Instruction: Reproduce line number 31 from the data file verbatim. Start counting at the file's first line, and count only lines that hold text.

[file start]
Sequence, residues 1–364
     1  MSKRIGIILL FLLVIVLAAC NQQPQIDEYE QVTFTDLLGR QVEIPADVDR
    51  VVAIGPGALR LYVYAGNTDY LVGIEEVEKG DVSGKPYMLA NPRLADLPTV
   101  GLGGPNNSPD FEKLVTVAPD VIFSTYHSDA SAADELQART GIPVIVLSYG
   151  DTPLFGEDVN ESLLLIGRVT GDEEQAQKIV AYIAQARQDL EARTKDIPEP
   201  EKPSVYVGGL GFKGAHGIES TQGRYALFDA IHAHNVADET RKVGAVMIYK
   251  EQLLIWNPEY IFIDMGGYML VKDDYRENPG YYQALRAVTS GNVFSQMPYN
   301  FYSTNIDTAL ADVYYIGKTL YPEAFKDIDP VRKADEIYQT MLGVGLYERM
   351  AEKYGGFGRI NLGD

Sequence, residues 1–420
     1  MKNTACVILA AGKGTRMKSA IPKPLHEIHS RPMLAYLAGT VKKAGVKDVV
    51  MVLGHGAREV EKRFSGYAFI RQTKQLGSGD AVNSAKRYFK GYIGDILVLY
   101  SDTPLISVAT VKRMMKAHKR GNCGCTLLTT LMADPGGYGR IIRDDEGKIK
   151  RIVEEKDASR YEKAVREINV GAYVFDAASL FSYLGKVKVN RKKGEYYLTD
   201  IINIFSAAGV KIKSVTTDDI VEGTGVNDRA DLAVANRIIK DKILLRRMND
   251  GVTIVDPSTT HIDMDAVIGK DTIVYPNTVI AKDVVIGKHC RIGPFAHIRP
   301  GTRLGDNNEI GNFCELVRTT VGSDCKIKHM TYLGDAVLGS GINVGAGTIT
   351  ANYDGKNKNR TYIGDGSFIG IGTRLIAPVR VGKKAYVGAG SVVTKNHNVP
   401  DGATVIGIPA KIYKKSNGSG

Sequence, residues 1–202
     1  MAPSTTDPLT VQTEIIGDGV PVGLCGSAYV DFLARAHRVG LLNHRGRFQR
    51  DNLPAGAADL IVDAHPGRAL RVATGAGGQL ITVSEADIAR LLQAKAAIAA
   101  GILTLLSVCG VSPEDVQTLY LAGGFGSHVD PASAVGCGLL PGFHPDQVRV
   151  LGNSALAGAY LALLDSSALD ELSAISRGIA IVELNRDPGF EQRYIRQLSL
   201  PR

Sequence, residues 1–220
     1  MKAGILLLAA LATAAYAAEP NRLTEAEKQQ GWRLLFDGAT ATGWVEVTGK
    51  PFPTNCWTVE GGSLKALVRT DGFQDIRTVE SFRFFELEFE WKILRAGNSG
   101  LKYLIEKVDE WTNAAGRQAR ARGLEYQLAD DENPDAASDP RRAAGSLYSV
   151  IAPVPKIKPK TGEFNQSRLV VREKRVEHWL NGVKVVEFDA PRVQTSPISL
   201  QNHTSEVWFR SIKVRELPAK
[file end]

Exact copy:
   201  QNHTSEVWFR SIKVRELPAK